WASHINGTON – The Bush administration said Wednesday that it will not renegotiate a deal that restores beef exports to South Korea, even though Seoul is asking for changes amid massive domestic protests.

The Associated Press reported that the Deputy Secretary of Agriculture Chuck Conner, said the U.S. has "national protocols that we have negotiated with the Korean government and we do not intend to renegotiate those protocols."

South Korea’s president, Lee Myung-bak, had sent lawmakers to the United States to seek assurances that the country would not ship beef from cattle more than 30 months old. Younger cattle are thought be less susceptible to mad cow disease, concerns of which are driving the protests.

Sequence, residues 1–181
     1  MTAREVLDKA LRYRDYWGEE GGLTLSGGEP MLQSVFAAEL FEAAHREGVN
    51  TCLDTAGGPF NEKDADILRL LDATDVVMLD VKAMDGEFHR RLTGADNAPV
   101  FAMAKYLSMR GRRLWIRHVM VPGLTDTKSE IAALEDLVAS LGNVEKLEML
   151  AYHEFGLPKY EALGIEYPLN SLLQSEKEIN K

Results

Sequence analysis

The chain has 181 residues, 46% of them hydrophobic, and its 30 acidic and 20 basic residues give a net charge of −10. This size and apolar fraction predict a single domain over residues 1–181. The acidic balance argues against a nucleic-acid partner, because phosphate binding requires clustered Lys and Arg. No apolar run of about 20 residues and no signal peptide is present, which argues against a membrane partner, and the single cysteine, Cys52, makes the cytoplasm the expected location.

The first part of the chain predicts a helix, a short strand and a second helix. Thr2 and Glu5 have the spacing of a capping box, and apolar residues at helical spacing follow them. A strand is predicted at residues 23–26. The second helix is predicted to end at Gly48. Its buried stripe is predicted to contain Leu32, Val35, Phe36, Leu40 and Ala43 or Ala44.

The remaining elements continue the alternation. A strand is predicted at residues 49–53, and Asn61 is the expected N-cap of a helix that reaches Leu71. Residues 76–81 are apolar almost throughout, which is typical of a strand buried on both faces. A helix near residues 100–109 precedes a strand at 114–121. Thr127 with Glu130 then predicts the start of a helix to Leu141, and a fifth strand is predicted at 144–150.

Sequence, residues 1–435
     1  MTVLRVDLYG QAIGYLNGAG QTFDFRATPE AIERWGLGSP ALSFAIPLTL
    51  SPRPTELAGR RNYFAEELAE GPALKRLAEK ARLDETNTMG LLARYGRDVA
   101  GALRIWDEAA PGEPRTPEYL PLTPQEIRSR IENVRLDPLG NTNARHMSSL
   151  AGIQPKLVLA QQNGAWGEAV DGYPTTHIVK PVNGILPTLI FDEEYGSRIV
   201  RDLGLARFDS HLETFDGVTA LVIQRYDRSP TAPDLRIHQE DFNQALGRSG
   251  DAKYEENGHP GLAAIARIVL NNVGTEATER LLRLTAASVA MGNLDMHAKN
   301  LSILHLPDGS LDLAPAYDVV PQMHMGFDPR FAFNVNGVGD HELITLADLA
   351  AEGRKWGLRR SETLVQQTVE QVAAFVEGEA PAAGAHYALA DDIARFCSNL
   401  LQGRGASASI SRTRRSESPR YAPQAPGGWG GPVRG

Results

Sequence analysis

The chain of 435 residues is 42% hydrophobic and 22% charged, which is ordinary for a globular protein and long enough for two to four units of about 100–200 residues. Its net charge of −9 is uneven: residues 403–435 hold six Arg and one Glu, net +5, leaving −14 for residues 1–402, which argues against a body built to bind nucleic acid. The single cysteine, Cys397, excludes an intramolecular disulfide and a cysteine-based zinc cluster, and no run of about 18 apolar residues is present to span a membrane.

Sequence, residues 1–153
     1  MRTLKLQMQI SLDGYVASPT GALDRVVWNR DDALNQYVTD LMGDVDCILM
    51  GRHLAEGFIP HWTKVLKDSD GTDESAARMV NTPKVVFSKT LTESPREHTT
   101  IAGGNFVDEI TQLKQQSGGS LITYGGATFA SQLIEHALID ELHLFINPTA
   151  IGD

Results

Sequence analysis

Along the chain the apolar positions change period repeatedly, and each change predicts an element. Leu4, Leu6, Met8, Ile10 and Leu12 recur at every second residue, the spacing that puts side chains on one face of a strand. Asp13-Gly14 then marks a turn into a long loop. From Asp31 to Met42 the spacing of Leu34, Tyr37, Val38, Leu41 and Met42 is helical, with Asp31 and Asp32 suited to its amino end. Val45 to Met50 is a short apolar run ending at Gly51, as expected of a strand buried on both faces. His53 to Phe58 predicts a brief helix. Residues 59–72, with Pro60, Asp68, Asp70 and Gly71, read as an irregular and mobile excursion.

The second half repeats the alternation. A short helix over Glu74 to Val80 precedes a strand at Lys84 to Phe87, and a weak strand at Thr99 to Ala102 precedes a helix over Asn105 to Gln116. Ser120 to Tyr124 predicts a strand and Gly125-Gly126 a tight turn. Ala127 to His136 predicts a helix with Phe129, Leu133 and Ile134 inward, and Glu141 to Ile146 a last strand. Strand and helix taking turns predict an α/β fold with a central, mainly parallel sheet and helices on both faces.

"They created the problem. They're going to have to find solutions," Sen. Ben Nelson, D-Neb., who met with South Korean officials on Wednesday, told the news service. Nelson opposed banning older cattle, saying that restriction might lead other countries to demand similar concessions.

Rep. Kevin Brady, R-Texas, told the AP such an idea may have merit, although he wanted to talk to beef producers and sellers in his state about it first. South Korean officials told Brady during their meeting that banning older cattle would "go a long way to resolving the issue in Korea."